Reviewed by legocyd 8 / 10

Broken People

As a whole, The Deer Hunter feels less like a war focused film; instead, Vietnam and the war serves as a backdrop and an influence on the three main characters at least. This is important to note up front, because this makes The Deer Hunter an interesting study of the main characters before, during, and after the war.

The beginning of the movie is long and slow, but it works to show the details of Mike, Nick, and Stevie. We get a good idea from his wedding and the circumstances of his bride, Angela's, pregnancy that he is a naive, but faithful and well meaning young man, who sees a big future ahead of them. Nick shows himself as an optimistic romantic, looking to work in the best of his friends' actions in the hunting trip and at the same time, play by Mike's rules. He also spends much time showing how much he cares for Linda, and openly comments about how he loves the small steel town he lives and works in. Mike, on the other hand, is much less of a romantic, and despite his naked run after the wedding, is shown to have a set of rules he lives by, and this includes his dedication to his friends, and the promise he makes to Nick to bring him home.

Being in Vietnam changes things, especially the russian roulette scenes. Stevie, with his emotional naive nature, handles it poorly and winds up in a cage full of water and rats because he misses his head with the bullet. Mike, with his strict rules and self compass, fares better because he is the one who can steel himself against death, and ultimately is mostly responsible for their escape. He tries with Nick, but... Nick can't handle it. Having to play russian roulette against Mike while being encouraged by Mike to do it for their escape breaks him, and this impacts his portrayal from then on.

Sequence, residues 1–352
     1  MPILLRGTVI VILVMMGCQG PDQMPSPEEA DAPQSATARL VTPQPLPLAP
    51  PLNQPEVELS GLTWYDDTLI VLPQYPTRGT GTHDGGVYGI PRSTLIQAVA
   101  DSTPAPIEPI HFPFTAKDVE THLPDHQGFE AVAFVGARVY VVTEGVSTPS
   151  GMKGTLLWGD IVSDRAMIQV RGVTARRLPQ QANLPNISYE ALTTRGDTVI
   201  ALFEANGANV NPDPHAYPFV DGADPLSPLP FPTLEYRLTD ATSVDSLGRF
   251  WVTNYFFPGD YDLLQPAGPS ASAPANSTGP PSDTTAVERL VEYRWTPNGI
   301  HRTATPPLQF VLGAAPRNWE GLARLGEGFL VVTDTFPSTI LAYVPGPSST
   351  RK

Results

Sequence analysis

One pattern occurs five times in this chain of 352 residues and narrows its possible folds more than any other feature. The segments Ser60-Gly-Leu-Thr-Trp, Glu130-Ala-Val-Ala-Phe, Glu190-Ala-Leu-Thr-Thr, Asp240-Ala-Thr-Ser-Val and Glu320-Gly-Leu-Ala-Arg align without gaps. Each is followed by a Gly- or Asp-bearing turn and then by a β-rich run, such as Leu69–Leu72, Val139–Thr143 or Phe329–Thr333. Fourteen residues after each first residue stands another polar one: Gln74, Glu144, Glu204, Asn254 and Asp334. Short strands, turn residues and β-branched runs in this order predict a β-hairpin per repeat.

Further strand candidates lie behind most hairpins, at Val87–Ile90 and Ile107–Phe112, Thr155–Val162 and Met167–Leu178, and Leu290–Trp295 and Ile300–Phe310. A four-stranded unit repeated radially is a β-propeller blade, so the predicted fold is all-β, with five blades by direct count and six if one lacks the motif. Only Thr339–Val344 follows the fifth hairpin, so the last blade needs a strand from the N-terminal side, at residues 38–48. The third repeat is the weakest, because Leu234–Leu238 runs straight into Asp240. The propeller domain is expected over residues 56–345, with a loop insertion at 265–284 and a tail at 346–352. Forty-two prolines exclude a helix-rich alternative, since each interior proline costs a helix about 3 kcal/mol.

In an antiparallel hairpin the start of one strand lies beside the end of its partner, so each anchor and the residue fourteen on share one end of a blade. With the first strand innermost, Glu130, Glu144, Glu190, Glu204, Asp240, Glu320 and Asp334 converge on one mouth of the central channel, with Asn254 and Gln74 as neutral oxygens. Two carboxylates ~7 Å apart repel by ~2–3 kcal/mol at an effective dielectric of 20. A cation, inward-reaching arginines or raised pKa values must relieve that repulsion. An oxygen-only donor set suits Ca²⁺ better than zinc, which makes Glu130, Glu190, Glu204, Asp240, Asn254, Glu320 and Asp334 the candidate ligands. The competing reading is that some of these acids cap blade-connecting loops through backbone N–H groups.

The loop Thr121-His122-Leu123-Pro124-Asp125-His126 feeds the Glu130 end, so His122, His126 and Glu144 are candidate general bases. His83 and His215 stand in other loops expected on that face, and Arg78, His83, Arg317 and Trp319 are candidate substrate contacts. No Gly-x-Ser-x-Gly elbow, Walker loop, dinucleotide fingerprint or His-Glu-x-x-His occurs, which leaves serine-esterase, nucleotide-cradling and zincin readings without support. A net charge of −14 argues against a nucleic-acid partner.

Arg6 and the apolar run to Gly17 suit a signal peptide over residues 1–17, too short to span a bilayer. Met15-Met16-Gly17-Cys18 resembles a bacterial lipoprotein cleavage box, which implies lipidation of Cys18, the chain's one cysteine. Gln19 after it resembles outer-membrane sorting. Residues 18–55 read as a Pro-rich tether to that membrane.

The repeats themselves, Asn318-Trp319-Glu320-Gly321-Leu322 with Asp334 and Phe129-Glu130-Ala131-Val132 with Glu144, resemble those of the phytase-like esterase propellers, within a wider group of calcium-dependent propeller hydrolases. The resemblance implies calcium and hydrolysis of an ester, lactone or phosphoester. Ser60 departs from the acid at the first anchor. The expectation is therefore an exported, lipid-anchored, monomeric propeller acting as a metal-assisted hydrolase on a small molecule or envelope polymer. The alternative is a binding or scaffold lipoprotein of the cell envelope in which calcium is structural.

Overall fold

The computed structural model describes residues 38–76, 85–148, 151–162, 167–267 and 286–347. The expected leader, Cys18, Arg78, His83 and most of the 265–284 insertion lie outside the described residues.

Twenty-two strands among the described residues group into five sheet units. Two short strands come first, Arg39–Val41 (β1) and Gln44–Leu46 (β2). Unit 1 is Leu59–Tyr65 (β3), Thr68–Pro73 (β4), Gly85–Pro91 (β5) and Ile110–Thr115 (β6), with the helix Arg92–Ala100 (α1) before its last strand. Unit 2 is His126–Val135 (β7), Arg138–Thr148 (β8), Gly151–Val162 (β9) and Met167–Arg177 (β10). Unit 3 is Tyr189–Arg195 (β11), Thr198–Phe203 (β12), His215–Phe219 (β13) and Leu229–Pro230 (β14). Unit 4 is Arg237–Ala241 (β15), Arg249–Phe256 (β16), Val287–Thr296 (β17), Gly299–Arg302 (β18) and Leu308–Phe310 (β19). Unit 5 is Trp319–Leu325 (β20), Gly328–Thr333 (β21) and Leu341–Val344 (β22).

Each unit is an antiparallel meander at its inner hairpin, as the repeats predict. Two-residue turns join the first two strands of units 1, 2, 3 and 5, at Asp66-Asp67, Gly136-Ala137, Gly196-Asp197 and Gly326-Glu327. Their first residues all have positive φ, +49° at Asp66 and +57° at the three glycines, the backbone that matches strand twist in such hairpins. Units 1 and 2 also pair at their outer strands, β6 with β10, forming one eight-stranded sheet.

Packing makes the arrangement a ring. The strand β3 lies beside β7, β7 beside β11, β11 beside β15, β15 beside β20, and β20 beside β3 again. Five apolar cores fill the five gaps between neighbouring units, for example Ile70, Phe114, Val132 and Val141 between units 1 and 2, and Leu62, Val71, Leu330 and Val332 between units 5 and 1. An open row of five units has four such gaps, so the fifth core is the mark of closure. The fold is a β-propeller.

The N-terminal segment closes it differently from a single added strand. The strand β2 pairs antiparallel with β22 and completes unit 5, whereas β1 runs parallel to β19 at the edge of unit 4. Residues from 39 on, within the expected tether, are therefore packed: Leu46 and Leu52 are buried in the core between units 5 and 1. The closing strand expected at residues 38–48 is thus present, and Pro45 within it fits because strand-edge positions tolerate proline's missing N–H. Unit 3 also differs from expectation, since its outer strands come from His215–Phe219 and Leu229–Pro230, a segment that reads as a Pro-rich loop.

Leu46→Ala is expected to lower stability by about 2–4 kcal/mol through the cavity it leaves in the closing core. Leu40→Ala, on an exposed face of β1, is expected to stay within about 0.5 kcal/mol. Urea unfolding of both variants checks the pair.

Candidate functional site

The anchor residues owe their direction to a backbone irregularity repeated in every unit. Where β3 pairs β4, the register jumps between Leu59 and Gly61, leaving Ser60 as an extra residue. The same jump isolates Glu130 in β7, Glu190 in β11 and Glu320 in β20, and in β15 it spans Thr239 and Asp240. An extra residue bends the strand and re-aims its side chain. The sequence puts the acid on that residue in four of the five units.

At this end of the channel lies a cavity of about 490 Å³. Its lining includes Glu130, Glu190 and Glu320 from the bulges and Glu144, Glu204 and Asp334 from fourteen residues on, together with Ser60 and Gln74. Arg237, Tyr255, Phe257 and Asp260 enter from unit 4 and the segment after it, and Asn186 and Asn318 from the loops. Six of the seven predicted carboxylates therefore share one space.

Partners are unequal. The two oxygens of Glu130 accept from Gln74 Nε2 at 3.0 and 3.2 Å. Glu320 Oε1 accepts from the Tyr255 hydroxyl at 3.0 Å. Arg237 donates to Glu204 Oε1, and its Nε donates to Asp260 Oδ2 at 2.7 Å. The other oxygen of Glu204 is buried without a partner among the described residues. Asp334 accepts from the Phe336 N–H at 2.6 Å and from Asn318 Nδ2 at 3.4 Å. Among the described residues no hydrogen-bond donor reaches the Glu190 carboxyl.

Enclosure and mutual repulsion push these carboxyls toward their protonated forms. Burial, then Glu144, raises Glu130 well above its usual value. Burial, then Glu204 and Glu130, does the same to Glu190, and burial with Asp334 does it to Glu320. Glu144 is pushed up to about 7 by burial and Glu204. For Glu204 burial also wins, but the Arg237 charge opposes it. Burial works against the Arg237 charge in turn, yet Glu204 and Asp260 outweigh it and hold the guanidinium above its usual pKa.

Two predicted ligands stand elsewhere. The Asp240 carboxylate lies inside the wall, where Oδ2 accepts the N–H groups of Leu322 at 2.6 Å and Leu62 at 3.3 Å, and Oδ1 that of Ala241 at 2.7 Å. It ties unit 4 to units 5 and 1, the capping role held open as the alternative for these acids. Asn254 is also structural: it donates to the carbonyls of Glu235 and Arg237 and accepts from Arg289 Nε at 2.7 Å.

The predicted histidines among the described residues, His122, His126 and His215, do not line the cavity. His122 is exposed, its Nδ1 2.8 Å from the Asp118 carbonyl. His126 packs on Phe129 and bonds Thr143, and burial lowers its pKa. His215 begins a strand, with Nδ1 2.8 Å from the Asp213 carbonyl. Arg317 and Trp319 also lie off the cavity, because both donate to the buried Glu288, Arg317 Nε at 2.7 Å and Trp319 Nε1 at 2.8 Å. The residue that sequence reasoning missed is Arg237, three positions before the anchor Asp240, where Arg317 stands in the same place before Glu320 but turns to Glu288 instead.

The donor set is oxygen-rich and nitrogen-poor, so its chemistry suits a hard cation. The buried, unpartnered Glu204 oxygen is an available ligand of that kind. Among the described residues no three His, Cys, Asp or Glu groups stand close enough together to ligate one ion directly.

By the end, Stevie is paralyzed and missing both legs, Mike is living with psychological trauma from both his experiences in war, and also the results of his attempt to rescue Nick, who was playing russian roulette professionally in Vietnam. Being forced to do it by Mike has left him in a broken state, and when Mike comes to rescue him, he blows his brains out in a russian roulette match in a disturbingly tragic way. "One shot" indeed. The line shows just how far he had fallen from before, and how much spite he had for Mike inside for the entire experience. Despite Mike's best efforts, he couldn't bring Nick back, even if he technically kept the promise and brought him home.

That ending sort of broke my heart too, and I think it was a great way to hammer home the emotional message of the movie. Good movie overall. Would recommend.